I wrote Networking In the Music Industry nine years ago (out of print my friends), interviewing around 100 toilers all up and down the music biz. Over and over the story was the same: you better be in this because you love it – if you’re in it for fortune and fame you will almost certainly be disappointed, even if you’re real good.
The story is told again tonight:
- Anyone with a dream should know this: If you work hard enough and just believe in yourself, anything’s possible.
That, anyway, is the message Hollywood’s been selling for decades in movies and TV shows, the same one that brothers Frank and Vince Rogala bought into when they abandoned frosty Mackinaw, Mich., for sunny Southern California two decades ago in pursuit of their rock ‘n’ roll dreams. What happened once they got here, however, bears little resemblance to the familiar Hollywood version, from “A Star Is Born” through Mariah Carey’s “Glitter.”
The Rogalas’ experience has resulted in a riveting documentary, “Won’t Anybody Listen,” by first-time director Dov Kelemer, a film (premiering tonight on the Sundance Channel) that examines the gargantuan gulf between the myth and the reality of life in the pop music world.
It paints with unyielding honesty a business in which music is often treated as an afterthought, and in which the players rarely know just how heavily the deck is stacked against them. Kelemer began filming the Rogalas’ band, Anaheim-based NC-17, with the simple goal of producing a concert tape to sell to fans.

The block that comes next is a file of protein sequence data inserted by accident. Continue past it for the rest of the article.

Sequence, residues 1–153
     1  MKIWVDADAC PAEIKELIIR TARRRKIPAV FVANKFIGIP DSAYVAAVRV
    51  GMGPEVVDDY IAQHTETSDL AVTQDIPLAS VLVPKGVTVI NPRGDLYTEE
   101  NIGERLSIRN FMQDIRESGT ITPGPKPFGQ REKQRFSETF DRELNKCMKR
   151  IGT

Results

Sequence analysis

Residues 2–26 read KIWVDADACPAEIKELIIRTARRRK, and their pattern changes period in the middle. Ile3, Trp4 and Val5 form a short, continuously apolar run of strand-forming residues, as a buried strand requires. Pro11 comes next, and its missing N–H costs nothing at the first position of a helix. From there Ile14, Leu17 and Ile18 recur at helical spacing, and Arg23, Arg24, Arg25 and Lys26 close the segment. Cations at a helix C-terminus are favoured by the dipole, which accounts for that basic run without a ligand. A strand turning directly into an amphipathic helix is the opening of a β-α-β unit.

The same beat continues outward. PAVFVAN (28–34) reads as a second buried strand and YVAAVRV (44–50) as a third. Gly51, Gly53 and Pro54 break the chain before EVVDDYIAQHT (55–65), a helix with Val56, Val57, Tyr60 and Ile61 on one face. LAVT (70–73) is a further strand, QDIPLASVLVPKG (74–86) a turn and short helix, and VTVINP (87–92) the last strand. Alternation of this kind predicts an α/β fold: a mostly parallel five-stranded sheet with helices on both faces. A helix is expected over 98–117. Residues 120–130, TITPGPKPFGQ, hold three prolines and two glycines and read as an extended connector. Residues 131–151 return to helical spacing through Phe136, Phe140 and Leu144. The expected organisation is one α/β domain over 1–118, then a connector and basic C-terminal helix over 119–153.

As he monitored their progress, he watched (and kept filming) as their career path took one harsh twist after another, down a sometimes heart-wrenching, sometimes stabbingly funny, ultimately disillusioning road that leads to riches and glory for a select few.
Kelemer is sympathetic to NC-17’s travails, but he never treats the group as if it were the undiscovered Nirvana.
He weaves black-and-white footage with color interviews, performance and rehearsal shots with the band’s six members, their wives, girlfriends, parents, several entertainment attorneys and record company artists and repertoire executives.
Those execs talk about the staggering odds for commercial success. One estimates there are 40,000 bands in Southern California alone; another notes that of 400 to 500 major albums released each year, maybe 20 will sell enough (500,000 copies) to reach “gold” status and only a handful will break the platinum (1 million copies) barrier. Only a small percentage of the acts that don’t hit those numbers will ever record another album.
For those in the small minority who do land record contracts, the same execs outline the music industry’s financial practices that charge bands — through recoupable advances — all expenses related to making albums, putting them in a hole from the outset that fewer still ever crawl out of.
….”Won’t Anybody Listen” premieres at 9 tonight on the Sundance Channel, part of the monthlong “Hi-Fi Fridays” series [check local listings].